Our method in building from the same code to make the two separate modules is to keep each build as independent as possible. To do that, we copy the source tree to python3 so that the python 2 sources are entirely independent from the python 3 sources.

Some things to watch out for:

  • Make sure that you are copying the correct code. The example is copying the code from within the top directory of the untarred source. If the %prep has changed directory you will need to change back to the tarball location.

  • Patching the source code is done before copying to python3. Since you have both a python2 and a python3 directory you might be tempted to patch each one separately. Resist! Upstream for your package has chosen to distribute a single source tree that builds for both python2 and python3. For your patches to get into upstream, you need to write patches that work with both as well.

rpmbuild resets the directory at the end of each phase, so you don’t need to restore the directory at the end of %prep.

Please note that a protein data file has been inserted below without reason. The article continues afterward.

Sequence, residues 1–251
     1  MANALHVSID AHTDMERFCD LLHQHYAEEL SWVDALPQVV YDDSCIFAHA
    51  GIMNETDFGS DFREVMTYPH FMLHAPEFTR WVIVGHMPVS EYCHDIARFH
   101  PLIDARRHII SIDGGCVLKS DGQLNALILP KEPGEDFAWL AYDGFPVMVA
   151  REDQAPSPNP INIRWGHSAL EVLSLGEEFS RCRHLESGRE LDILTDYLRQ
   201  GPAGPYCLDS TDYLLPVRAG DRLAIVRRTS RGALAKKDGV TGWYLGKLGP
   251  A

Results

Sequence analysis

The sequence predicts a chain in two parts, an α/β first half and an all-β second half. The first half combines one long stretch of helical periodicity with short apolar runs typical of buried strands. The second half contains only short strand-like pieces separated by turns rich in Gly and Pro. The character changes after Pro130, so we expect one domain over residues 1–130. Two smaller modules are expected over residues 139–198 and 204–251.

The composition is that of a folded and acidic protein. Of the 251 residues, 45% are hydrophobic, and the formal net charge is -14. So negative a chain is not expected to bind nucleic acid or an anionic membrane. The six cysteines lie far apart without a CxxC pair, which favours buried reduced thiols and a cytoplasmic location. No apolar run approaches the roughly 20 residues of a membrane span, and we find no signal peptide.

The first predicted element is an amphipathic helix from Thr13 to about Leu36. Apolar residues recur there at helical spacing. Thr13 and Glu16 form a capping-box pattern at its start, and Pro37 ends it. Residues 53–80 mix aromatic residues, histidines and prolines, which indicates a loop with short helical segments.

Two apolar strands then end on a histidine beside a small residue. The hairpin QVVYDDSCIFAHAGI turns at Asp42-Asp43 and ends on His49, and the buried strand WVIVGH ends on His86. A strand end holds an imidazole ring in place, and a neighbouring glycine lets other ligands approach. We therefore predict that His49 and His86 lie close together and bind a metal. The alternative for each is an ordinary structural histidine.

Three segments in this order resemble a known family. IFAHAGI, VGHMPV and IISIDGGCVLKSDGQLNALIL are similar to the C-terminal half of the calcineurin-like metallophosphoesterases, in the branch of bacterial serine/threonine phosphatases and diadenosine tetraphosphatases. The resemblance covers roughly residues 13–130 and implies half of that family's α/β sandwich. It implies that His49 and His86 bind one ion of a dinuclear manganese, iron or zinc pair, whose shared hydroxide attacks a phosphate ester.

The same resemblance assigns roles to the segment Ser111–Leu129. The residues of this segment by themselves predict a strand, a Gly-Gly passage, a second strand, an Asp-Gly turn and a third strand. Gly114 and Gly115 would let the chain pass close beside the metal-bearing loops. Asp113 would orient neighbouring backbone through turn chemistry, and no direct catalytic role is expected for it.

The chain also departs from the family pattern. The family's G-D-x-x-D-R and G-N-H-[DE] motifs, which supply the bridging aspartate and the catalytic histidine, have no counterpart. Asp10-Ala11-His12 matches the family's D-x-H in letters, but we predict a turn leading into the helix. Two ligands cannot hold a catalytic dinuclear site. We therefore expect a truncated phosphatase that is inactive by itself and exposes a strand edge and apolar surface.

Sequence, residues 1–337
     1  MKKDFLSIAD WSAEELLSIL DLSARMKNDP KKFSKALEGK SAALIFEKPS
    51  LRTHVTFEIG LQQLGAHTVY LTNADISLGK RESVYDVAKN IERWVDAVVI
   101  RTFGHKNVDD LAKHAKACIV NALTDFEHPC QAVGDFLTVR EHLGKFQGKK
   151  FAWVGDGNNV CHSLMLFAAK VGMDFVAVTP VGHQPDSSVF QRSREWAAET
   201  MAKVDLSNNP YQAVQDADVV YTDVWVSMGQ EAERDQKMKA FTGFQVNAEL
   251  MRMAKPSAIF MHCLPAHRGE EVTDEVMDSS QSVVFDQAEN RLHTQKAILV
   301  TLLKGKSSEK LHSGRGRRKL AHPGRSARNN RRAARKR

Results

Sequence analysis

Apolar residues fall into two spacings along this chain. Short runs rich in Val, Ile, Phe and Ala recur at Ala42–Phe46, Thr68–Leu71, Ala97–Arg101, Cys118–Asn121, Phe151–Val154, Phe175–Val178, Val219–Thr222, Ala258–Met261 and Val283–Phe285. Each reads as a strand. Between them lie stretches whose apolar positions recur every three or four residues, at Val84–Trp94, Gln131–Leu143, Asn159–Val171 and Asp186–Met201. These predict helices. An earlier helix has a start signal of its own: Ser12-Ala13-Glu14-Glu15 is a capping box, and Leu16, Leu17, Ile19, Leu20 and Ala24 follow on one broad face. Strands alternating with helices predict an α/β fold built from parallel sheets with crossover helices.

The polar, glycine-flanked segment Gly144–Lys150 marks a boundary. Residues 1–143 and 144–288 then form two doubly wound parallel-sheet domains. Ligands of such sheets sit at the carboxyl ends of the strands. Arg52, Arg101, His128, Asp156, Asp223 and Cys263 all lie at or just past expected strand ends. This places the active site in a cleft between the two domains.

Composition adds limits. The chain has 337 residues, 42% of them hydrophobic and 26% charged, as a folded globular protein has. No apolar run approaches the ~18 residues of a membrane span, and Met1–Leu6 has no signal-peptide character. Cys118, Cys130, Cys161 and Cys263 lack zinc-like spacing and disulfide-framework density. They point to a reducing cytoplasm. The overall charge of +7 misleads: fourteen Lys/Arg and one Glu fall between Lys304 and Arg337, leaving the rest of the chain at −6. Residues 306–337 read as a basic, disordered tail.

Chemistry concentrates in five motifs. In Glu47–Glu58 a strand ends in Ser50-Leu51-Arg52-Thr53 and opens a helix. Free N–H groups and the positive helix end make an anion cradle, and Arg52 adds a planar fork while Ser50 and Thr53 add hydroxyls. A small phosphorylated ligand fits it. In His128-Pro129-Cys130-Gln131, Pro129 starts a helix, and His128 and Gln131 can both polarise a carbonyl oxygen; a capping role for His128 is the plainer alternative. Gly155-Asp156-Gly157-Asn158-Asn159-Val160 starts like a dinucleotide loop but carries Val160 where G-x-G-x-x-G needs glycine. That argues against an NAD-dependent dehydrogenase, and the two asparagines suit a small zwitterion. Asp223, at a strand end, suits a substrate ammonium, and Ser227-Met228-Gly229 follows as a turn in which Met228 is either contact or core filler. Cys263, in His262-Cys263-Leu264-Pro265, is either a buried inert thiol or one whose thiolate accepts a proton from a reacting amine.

%setup -qc
mv %{srcname}-%{version} python2
pushd python2
%patch0 -p1 -b .testfix

find -name '*.txt' | xargs chmod -x
# copy common doc files to top dir
cp -pr docs psfl.txt zpl.txt ../

cp -a python2 python3
find python3 -name '*.py' | xargs sed -i '1s|^#!.*|#!%{__python3}|'
find python2 -name '*.py' | xargs sed -i '1s|^#!.*|#!%{__python2}|'
pushd python2

pushd python3

# Must do the python2 install first because the scripts in /usr/bin are
# overwritten with every install, and in general we want the
# python3 version to be the default.
pushd python2

pushd python3

pushd python2
%{__python2} test

pushd python3
%{__python3} test